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  • Written by: Farmers Guide
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Farm Buildings

Farm & livestock buildings : Can you make improvements?

Well-designed farm and livestock buildings can have a lasting impact on animal health and productivity, so it is worth looking at your current set up and investing in any necessary improvements. Sarah Kidby spoke to Riva Commercial about the benefits of insulation.


Optimising livestock buildings can help to reduce disease, improve animal welfare and boost efficiency, as well as creating a better working environment for staff. While there are many factors to consider when it comes to good building design, AHDB states the three key environmental parameters are air speed, moisture and fresh air.

Proper insulation and ventilation are needed to maintain a stable temperature and prevent condensation caused by the heat and moisture animals produce through their breath, sweat, urine and faeces. If heat is unable to leave the building, it will condense on cold surfaces inside, increasing humidity and making bedding cold and damp – creating a suitable environment for bacteria to thrive. Excess moisture in the air also escalates the risk of viruses and bacteria surviving outside the body, while reducing ambient temperature and increasing the need for bedding. As well as cutting down heating bills in winter and cooling costs in summer, insulation can reduce condensation on walls and ceilings by keeping surfaces warm.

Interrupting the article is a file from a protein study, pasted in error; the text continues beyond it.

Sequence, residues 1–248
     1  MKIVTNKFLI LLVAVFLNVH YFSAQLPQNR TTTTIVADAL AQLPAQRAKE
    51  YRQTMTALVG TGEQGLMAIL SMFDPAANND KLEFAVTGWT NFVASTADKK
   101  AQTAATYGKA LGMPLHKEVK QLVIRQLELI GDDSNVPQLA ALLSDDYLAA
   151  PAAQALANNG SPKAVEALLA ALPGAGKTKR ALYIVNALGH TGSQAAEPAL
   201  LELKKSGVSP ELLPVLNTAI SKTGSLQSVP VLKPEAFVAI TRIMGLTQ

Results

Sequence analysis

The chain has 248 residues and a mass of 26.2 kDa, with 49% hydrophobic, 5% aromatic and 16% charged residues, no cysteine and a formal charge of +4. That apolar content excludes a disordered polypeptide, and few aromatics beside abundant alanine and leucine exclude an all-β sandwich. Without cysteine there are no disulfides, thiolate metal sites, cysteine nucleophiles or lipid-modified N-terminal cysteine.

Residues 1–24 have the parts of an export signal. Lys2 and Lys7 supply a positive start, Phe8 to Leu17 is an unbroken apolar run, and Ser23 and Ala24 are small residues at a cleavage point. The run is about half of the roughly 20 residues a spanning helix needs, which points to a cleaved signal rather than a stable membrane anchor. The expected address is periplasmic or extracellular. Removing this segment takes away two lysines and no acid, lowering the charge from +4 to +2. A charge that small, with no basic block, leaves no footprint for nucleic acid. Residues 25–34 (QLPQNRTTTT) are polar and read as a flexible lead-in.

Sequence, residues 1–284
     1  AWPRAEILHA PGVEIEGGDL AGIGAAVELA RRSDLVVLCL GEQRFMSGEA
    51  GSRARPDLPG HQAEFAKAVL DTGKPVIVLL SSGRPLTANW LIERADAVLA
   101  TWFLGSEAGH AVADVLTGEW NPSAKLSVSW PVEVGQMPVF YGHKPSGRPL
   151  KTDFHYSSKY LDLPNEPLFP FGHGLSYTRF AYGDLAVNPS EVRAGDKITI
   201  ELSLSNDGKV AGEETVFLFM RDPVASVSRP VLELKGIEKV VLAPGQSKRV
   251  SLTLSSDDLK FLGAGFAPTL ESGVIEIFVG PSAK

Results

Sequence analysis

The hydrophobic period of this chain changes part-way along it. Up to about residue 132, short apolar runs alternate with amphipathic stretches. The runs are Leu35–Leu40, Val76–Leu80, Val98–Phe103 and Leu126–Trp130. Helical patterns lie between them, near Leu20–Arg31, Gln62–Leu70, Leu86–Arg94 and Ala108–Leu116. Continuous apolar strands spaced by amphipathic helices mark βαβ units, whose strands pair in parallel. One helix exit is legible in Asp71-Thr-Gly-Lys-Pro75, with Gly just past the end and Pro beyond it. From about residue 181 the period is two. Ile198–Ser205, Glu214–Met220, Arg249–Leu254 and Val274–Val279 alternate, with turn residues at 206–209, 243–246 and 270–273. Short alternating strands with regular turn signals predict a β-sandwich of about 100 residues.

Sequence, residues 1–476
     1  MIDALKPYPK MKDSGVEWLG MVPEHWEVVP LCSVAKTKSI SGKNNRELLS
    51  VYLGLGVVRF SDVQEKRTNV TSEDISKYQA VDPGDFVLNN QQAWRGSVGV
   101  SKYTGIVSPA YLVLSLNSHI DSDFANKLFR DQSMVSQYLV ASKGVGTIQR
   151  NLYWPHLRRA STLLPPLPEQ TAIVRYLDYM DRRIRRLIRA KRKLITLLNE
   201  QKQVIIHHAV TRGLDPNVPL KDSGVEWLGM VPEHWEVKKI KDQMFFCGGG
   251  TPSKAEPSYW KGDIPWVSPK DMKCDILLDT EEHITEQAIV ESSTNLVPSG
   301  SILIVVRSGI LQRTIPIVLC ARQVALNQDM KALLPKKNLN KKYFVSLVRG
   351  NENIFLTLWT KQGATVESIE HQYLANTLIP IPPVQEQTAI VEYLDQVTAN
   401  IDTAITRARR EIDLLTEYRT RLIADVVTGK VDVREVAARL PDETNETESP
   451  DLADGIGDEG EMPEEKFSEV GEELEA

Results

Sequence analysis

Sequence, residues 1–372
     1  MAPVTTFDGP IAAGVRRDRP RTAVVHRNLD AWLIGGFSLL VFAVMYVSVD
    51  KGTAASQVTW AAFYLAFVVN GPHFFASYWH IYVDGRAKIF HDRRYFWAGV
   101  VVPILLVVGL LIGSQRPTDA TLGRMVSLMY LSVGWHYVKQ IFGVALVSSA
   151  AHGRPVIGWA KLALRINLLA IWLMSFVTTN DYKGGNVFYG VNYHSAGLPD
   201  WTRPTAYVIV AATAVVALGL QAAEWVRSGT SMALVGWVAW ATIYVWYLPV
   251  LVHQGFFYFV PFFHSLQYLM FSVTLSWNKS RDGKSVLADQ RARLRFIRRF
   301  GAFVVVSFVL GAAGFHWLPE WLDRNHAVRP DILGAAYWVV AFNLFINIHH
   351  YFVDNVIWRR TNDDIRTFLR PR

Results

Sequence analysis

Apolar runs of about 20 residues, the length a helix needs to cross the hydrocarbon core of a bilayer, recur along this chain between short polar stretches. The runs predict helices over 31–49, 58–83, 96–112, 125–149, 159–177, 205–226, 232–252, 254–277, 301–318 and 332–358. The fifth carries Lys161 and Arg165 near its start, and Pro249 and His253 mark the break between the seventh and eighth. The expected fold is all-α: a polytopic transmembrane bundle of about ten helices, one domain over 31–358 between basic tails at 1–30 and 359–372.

Ideal temperature

Cattle need to maintain a constant body temperature of around 38ºC, and this can be affected by air temperature, radiant temperature, wind speed and relative humidity, alongside animal factors such as size, feed level and type, and body condition. If temperatures fall below the lower critical temperature (LCT – minus 15ºC), feed will be channelled away from growth and milk production to keep animals warm. Insulation is important for tackling draughts, which will decrease the LCT considerably and cause loss of heat energy. Ventilation is also needed to remove heat and moisture from the building.

Conversely, above the upper critical temperature (UCT – 25ºC), cattle will sweat to dispel excess heat and may suffer heat stress. Dairy cows under heat stress reduce their feed intake, leading to lower milk production and reduced growth. This also has a detrimental effect on reproduction. If ambient temperatures rise above the UCT, Nadis suggests milk yields can fall by as much as 20 per cent.

Increasing evidence indicates that even relatively low temperatures during the summer months in the UK can lead to reduced feed intakes, lower milk yields, impaired fertility and a greater risk of mastitis and embryonic loss. Relative humidity in the UK is frequently above 80 per cent in summer, according to Nadis, and nears 100 per cent in poorly designed winter accommodation, so the effects of heat stress could be a growing problem for dairy farmers.

While there are many factors to consider when ensuring livestock buildings are fit for purpose, Riva Commercial says insulation is a key, cost effective way to not only reduce energy bills, but also maintain a constant temperature and prevent condensation, helping to optimise animal welfare and productivity.

Insulation solutions